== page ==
System of Transfer Canon for Computational Utterance Technical Ensemble Formation V
The Program II Displacement Foldings Void 2 The Program
Contingent Matter Structure of Behaviors Linear Decomposition Radiant Void
RGB Gradient Waveguide Atmosphere The Conditions of the Process
Temporal Object #1 Temporal Object #2 Pulsar Conflux Structural Variance
Amorphouss The Blackest Flux      



Dimension Varies

Fog Machines, Blower, Lights, Multichannel Sound System

Conflux is part of a series of the works that explicitly tackle the phenomenon of perception and is based on concepts that he developed from his current research on dynamic systems, phenomenology and experimental psychology. Conflux was informed by James J. Gibson’s Theory of ecological perception, which focuses on the perceiver’s interaction with particular properties of their environment. It creates a visually and acoustically artificial environment, which makes for a unique experience in which shifting modes of perception are made tangible – from the perception of the surroundings to the proprioception of the perceivers themselves. The perceivers are active parts of the performative installation.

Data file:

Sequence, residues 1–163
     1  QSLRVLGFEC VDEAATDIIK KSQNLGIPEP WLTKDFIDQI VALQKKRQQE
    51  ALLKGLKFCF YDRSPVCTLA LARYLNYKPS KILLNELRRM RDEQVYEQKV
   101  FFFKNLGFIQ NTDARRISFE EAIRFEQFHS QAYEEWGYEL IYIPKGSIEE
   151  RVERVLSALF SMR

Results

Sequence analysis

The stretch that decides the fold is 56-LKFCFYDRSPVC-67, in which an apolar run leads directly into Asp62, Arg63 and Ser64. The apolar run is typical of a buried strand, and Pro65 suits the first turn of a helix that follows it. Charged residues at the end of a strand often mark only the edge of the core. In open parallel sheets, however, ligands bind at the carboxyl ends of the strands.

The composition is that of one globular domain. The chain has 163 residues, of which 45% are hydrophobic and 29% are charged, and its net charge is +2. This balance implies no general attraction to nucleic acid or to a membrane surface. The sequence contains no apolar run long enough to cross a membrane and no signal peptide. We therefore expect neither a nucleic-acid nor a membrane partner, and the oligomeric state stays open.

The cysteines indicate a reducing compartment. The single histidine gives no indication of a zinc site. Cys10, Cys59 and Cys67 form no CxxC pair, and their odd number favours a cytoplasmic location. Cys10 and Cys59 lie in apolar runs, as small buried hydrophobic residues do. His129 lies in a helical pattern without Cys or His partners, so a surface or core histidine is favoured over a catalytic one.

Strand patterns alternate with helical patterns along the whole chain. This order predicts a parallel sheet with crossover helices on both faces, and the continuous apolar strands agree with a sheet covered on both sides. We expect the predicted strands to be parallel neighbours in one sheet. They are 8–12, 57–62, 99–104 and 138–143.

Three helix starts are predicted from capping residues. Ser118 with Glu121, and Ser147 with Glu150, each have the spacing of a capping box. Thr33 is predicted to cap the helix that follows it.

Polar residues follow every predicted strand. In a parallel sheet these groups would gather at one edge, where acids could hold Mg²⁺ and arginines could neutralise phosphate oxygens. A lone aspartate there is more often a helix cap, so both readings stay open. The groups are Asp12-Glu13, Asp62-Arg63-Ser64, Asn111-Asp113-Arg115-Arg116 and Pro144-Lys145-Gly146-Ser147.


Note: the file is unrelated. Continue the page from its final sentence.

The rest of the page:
Starting with the homogeneous state, blackout and silence, the environment gradually alters its state to another homogeneous state: whiteout/full spectra of sound through the process of visual and acoustic differentiation. In this process, its homeostatic state creates the visual sensory homeostasis called Ganzfeld, which is homogeneous and unpattern visual sensory stimulation. The differentiation process produces emergent visual and acoustic structures.

Because of the materials’ nature, all the performances completely vary depending on the conditions of the sites: temperature of the surroundings, spectators’ body heat, lightings, air conditioning systems, ventilation and architectural materials.

Photos by Kai Bienert

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